This line of reasoning also emphasizes the inseparability of social groups and archetypes; it's hard to imagine how one could have developed without the other. Does that go too far? Wolves may be social animals but their groupedness is not a pre-condition for 'howling to the moon' in some sort of hunting-connected behaviour. Unless they're howling as a demonstration to other wolves? What otherwise is the purpose of drawing attention to yourself?
In neuro-cognitive terms, archetypes are perhaps as widely rooted in the brain as other symbols, and more than that, they are seen by most writers who attempt to describe them as being more like statistical concentrations of psychic content than clearly delimited packets of content. Gray quotes von Franz (Creation Myths) as describing archetypes as 'excited points in the field of the objective psyche which behave like "relatively isolatable nuclei" '.
Archetypes are also highly connected to each other. Von Franz (Projection and Recollection) says: 'In studying any archetype deeply enough, dragging up all of its connections, you will find that can pull out the entire collective unconscious'. In this, archetypes are very similar to groups: if you pull at a human social group long enough, you get the whole of humanity. And that's because groups have a highly archetypal construction.
This is reflected in the essential bi-polarity of most archetypes and groups. Archetypes are almost always described in pairs, and it is of the essence of most groups that they define themselves not only in terms of what they are but also in terms of what they are not (eg motorists are not pedestrians, men are not women, and kin are not non-kin).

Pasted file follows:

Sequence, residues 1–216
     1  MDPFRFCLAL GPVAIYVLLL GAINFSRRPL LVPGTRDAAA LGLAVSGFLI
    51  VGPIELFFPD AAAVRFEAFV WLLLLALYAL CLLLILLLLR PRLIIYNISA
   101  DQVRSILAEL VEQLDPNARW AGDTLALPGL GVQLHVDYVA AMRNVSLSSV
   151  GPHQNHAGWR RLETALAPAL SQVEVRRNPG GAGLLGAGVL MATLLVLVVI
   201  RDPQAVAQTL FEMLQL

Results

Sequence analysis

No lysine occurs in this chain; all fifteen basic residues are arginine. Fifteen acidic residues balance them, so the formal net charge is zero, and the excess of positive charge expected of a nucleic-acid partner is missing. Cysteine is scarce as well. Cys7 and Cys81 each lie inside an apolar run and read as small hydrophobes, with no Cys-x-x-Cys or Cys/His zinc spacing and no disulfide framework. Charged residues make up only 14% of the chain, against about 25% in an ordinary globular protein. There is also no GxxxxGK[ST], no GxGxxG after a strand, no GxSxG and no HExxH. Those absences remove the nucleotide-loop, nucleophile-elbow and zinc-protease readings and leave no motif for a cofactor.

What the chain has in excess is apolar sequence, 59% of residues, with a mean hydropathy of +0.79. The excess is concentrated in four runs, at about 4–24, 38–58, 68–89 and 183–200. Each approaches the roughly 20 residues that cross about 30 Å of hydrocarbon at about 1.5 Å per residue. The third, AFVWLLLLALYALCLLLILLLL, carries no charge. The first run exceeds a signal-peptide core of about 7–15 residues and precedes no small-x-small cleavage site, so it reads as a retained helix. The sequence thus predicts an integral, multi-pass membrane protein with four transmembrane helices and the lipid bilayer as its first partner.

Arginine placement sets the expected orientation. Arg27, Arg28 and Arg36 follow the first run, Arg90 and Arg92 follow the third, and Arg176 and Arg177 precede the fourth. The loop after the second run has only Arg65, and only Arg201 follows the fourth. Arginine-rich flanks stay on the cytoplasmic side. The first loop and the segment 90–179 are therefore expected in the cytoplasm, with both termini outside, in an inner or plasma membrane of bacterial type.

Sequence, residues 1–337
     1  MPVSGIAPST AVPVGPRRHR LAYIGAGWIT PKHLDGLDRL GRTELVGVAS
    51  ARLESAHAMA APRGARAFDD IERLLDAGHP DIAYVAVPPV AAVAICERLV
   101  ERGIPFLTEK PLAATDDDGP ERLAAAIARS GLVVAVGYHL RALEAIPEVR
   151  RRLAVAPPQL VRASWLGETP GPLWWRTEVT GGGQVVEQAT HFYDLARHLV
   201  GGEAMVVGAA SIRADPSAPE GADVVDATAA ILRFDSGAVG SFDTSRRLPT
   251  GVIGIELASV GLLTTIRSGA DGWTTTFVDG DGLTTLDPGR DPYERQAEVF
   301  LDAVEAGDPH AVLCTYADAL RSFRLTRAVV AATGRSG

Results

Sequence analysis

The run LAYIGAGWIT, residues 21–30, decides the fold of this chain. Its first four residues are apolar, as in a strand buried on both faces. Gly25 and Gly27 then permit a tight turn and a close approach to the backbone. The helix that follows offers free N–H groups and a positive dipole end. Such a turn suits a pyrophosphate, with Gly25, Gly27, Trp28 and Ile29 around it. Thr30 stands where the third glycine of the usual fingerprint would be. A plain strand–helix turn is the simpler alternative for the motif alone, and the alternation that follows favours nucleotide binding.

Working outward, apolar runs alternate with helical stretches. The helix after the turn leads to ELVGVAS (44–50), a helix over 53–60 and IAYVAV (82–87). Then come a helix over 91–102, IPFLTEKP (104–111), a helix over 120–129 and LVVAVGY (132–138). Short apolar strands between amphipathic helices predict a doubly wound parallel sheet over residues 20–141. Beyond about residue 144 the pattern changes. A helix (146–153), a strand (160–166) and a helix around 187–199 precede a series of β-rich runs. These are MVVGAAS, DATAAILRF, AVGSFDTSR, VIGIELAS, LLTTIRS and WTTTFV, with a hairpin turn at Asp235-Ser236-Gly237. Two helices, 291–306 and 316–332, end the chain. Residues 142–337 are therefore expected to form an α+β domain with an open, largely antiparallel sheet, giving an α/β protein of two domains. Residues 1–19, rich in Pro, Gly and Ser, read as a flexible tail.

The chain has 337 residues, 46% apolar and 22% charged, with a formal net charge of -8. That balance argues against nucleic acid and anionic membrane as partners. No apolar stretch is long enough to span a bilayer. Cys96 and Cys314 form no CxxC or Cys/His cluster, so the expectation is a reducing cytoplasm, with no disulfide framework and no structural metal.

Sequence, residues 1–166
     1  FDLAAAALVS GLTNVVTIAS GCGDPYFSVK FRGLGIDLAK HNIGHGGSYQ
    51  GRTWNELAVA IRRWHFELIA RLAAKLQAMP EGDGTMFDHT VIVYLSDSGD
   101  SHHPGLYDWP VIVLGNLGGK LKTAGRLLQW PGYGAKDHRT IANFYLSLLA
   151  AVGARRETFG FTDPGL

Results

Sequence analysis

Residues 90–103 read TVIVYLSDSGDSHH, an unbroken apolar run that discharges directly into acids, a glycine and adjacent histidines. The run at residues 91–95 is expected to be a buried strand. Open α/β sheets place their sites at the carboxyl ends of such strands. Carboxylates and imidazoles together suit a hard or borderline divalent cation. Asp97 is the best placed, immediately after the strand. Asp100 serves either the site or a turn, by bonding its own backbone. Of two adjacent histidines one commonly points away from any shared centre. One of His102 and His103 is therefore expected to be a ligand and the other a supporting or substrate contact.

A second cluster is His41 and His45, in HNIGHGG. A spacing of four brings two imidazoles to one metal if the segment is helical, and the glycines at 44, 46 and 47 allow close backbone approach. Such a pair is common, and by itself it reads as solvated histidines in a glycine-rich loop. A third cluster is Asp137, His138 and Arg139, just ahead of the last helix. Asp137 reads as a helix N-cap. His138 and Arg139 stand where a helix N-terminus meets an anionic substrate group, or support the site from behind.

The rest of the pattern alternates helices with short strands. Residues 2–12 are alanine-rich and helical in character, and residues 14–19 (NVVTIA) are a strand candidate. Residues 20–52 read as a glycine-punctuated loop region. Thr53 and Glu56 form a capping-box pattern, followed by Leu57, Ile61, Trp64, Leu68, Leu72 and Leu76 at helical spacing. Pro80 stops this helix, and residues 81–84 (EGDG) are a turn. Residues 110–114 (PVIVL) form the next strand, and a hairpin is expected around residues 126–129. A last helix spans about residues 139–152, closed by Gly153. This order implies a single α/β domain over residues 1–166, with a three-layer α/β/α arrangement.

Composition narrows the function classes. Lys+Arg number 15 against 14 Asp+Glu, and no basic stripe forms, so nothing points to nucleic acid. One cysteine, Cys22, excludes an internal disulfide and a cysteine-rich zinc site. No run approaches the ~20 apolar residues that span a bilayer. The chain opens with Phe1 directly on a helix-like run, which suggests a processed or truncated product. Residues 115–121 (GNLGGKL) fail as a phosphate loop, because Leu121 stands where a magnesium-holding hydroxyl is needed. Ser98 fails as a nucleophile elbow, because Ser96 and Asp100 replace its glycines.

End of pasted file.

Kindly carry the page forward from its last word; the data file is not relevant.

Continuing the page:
McDowell (2001), sets out to relate the Jungian archetype to modern cognitive neuro-science. McDowell sees the archetype as an organizing principle, as does Jung, and says that Jung's intuitions about the existence of archetypes have been largely borne out by recent science, He explores differing schools of thought as to the location and time of development of archetypes ('genetically-transmitted patterns of behaviour' or 'culturally-determined symbolic forms', to take two of the competing visions of an archetypal organizing principle).
Hogenson (1998) concludes that we inherit not a generalized image but the tendency or the potential to form the image. Perhaps that is a reasonable mainstream position: archetypes are inherited in the form of organizing principles ('containment', 'penetration', 'union', 'sets', 'cleavage' are some examples); but they are expressed in the psyche using the experiential material to hand in a particular individual, or maybe one should say in a particular collective.